Saturday morning, Bennie- the UPS/FedEx truck slaying, coyote chasing, golf cart hating, protector of everything Tim’s- went on his way. It was not a good day. He was finally betrayed by his legs. He had been having degenerative problems for a while, along with some cognitive issues. He had not run in a while. The walks were getting shorter. The dog who used to sprint out the back door in the morning to bound through the woods now had to be taken out to do his business.
Bennie was one of a litter of four. He and his litter mates were rescued at midnight one evening up in Cumming, GA. I kept him because of his beautiful coat, and the others were placed in good homes. I would spend the next 15 1/2 years vacuuming that coat up from my floor, furniture, and car. It was worth it. And the ears….
He lived the first year or so living in a yard surrounded by an invisible fence. The first collar was of little use, and so the company sent me the ”stubborn dog collar.” It was much bigger. He then learned to read the electric pulses in the buried wire. The company sent me a box with straight current. It worked for the most part. Even when he got out, he stuck close by.
His favorite thing to do back then was to escape the house through the doggie door with a pair of underwear, for a spirited game of chase. I also have this memory of him having my 5 year-old step-daughter pinned to the ground, kissing her. Her legs and arms were waving around in the air while she hollered for me. He saw me and went bounding off! Laughing!
One day I was at home for some reason, and watched a neighbor pulling a wagon roll her toddler right up into our drive way so Bennie could kiss and play a bit with her. I was rather astounded that this lady would let her tiny toddler play with German Shepard and Collie mix dog. She said she knew he was a sweet dog. And he was. He was the sweetest dog I think I have even known.
He enjoyed the dog park. He didn’t so much like playing with other dogs. He liked meeting people. He would walk up to you and thrust his nose right into your crotch, whether you knew he was there or not. He was loved where ever he went.
He lived for many years with is little buddy Hilda, who left us far too soon. They used to play, but he was always very gentle with her. He would let her have the bones. He would let her sleep closest to me. He would make space for her at the window. When she passed we were living in a condo, where I live now, where their back yard was the Sope Creek and Cochran Shoals trail system. After she passed, I would leave for work and could hear him howl, which he had never done before. It used to break my heart. Soon he became used to being an only dog and seemed to enjoy it.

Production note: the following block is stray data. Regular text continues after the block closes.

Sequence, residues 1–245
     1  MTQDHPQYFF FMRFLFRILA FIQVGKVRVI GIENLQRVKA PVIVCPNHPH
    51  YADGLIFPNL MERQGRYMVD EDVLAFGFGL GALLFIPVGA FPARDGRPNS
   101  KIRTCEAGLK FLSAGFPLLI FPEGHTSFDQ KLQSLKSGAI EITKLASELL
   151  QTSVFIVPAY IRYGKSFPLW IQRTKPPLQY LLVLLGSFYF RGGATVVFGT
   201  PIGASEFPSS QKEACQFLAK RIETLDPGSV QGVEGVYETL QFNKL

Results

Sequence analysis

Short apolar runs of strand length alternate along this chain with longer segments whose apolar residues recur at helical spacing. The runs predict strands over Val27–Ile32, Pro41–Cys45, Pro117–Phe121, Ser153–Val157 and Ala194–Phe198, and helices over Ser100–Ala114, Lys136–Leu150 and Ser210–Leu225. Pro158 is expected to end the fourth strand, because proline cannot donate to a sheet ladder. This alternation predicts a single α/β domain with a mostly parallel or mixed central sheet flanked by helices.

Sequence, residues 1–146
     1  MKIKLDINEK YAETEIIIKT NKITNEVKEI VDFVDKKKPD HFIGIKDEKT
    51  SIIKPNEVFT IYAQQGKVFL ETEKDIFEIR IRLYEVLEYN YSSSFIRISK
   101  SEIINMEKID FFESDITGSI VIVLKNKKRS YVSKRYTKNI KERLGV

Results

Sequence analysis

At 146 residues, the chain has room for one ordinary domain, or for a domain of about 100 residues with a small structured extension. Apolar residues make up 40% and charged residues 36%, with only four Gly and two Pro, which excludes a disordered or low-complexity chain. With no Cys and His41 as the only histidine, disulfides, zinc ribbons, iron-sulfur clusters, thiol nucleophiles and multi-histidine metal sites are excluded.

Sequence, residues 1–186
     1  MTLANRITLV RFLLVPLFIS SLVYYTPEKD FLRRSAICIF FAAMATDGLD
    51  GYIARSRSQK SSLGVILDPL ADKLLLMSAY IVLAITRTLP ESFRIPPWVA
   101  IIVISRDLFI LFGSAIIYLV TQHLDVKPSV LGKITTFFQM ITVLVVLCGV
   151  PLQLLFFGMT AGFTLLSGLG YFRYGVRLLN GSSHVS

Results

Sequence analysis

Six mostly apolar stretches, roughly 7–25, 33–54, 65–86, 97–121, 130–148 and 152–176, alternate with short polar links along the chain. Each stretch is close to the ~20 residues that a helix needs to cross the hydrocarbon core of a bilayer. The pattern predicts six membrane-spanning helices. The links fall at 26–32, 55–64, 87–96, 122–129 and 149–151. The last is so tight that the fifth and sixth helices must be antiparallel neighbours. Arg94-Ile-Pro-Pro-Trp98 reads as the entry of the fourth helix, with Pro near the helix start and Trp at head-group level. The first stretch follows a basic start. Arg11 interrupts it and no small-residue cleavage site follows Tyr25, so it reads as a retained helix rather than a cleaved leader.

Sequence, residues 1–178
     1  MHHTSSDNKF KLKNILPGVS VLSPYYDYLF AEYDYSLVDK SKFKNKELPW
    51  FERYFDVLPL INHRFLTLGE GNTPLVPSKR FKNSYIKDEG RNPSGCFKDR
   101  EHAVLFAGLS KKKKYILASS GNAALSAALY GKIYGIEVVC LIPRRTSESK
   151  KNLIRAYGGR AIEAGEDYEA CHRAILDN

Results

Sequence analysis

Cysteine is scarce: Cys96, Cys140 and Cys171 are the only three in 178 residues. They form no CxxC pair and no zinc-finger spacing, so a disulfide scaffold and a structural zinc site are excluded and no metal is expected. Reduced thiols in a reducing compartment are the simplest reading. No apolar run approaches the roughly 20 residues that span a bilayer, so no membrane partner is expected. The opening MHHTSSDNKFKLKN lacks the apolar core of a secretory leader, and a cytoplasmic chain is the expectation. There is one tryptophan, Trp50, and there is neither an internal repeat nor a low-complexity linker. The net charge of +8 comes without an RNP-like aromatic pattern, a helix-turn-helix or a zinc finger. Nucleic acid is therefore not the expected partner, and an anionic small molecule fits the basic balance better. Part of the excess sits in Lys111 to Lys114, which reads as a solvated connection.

Bennie did seem to stop a few a few burglaries. Both times the people bypassed mine and my neighbor’s door for one further away. If you came to either of our doors, he was at the bay window letting you know that you were most certainly not welcome. Once I let you in, he was was sweet and loving. He actually liked company.
I have told the story many times of him last fall, after he had slowed way down, chasing a juvenile coyote up the trail at 4 in the morning, as I ran after him in a robe and slippers, screaming his name. That was the last coyote chase. I tell the story of him chasing the leasing agent from our old apartment complex. The young agent had that electric golf cart floored, screaming at the top of his lungs, as Bennie chased him, and I chased yelling for him to stop. Sadly the leasing agent was racing down a dead end street. He circled back, ran over Bennie, and kept it floored. Bennie was not phased by being run over and still gave chase. Once I got the guy to stop, and not run the electric engine, Bennie lost any interest in the cart. I apologized profusely for Bennie slipping his collar. I thought the kid was going to have a heart attack.
Friday evening he fell in the kitchen and could not get up. I came home to find him. It was a little like the scene in the book “The Art of Racing in the Rain.” Somehow in the wee hours of the morning he ended up like that again. He woke me up with the distressed barking. He was letting me know it was time. Like Hilda, he went in my arms with me telling him how much I loved him. He was calm and relaxed. He seemed ready for his next journey.
I tried to give him a good life. He gave me a great one! I have lost friends. I have lost family members. I have lost other pets. This one really hurts. He was a major part of my daily life for 15 1/2 years. I keep waiting to see his furry head and ears peering around a corner, or over some piece of furniture. I wait to see his gray and white snout at the bay window as I walk up the stairs. I wait to see his head pop in the shower, and then him drag the curtain open as he walks away. I wait to see his fur balls rolling across the floor. You know, I can still see those and probably will for a while, no matter how many times I vacuum.
His ashes will be joined with Hilda’s and spread in a few places.
Here is to Bennie!